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Relapsed advanced non-small cell lung cancer (NSCLC) carries a dismal prognosis and new treatments are particularly welcome. These papers evaluate the use of erlotinib, a tyrosine kinase inhibitor of the epidermal growth factor receptor (EGFR) in patients with NSCLC that has advanced despite prior chemotherapy.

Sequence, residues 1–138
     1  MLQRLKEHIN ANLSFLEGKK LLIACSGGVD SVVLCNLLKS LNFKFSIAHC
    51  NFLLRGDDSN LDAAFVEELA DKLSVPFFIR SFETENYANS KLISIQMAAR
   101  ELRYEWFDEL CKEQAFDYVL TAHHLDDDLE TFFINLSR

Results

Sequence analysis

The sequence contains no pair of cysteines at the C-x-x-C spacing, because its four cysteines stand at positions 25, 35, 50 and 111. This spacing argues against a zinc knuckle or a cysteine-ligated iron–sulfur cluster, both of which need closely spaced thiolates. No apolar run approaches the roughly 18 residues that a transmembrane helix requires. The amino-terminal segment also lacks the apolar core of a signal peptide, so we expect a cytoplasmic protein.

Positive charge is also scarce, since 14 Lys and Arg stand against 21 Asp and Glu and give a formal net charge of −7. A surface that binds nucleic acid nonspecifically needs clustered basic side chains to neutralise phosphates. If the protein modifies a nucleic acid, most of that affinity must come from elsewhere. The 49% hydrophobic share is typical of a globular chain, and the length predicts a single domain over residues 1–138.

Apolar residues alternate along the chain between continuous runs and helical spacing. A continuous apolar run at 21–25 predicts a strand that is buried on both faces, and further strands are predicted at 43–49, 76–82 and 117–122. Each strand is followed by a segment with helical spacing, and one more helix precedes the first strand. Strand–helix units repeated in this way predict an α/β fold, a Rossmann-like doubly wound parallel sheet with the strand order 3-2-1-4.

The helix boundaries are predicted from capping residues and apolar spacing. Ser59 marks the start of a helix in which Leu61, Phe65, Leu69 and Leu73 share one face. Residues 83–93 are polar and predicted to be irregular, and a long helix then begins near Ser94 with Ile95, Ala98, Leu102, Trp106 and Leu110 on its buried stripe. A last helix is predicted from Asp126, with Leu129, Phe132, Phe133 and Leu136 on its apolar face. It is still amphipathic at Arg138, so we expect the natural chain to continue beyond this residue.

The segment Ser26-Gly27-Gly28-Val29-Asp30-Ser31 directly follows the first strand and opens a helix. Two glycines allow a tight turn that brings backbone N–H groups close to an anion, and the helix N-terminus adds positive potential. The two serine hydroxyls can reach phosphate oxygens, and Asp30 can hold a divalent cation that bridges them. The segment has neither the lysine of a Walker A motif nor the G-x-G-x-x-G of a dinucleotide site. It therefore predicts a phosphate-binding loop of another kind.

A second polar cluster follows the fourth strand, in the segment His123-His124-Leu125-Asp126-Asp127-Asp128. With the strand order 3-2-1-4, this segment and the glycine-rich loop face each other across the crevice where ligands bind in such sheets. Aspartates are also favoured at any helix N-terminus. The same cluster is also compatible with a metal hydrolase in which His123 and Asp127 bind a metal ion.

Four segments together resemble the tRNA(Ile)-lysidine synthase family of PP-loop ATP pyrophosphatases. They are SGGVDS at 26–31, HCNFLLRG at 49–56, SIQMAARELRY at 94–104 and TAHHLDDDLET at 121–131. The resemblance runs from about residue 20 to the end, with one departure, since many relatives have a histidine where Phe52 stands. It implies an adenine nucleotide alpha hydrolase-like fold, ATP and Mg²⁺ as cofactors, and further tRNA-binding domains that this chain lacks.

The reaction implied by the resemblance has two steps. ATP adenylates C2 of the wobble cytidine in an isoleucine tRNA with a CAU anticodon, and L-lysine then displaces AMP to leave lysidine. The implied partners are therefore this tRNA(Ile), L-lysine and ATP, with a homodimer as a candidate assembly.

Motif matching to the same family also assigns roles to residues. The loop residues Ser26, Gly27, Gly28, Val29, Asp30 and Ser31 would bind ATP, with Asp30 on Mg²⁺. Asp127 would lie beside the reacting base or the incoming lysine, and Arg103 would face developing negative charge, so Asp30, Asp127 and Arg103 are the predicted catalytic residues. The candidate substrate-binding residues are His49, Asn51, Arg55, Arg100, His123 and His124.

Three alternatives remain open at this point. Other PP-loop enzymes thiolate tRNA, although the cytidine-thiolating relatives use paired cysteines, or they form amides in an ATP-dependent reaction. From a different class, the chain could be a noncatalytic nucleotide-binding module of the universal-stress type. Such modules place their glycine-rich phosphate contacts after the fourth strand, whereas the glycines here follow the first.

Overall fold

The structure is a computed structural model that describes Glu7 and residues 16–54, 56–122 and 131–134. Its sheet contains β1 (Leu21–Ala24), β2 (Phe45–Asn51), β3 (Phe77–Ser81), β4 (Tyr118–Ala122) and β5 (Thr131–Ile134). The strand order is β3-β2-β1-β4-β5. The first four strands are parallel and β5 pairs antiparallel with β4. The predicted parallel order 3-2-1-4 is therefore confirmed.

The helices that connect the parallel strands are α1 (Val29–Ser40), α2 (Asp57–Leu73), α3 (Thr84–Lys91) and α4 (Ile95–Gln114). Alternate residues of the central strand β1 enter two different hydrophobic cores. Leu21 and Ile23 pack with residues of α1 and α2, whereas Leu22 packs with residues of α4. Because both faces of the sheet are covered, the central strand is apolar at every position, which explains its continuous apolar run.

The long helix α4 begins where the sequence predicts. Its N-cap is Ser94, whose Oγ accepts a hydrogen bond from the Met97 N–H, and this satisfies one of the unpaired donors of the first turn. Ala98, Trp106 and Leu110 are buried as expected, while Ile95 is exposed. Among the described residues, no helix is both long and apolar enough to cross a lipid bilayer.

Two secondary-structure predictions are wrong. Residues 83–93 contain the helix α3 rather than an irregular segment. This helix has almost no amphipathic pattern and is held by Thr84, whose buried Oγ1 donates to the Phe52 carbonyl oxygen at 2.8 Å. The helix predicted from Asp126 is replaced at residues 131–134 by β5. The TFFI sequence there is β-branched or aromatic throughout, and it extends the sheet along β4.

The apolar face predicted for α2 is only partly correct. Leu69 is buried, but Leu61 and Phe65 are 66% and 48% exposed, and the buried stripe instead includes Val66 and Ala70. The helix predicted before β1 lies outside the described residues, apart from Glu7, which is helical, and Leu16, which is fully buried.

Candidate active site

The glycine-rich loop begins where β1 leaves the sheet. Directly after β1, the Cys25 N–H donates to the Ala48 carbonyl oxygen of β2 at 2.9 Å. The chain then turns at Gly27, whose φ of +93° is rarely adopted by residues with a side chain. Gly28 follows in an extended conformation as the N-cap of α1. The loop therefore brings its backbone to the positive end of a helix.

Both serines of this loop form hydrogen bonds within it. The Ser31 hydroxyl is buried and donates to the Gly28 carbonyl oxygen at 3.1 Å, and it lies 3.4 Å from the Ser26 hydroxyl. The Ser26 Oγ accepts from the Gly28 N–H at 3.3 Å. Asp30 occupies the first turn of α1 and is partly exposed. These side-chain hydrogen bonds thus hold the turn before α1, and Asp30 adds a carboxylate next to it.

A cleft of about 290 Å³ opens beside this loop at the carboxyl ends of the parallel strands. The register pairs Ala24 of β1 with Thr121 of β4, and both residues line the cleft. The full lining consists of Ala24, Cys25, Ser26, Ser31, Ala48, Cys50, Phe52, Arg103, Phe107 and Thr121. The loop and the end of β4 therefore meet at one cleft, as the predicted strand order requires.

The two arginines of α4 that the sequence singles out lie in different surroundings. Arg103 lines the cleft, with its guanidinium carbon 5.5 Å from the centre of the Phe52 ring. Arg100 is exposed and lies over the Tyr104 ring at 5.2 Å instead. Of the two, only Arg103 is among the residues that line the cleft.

The study was double blind and 731 patients with good performance status who had had at least one prior course of chemotherapy were randomised to receive either oral erlotinib or placebo. In the treated group overall survival was improved by 2 months (6.7 months v 4.7 months, p<0.001). Factors predicting response to treatment were being a non-smoker, adenocarcinoma on histology, and expression of EGFR in biopsy specimens. Survival was not affected by EGFR receptor expression or EGFR mutations. This is the first study to demonstrate a survival advantage with an oral tyrosine kinase inhibitor of EGFR. Further studies investigating the use of these agents in early lung cancer are now warranted.
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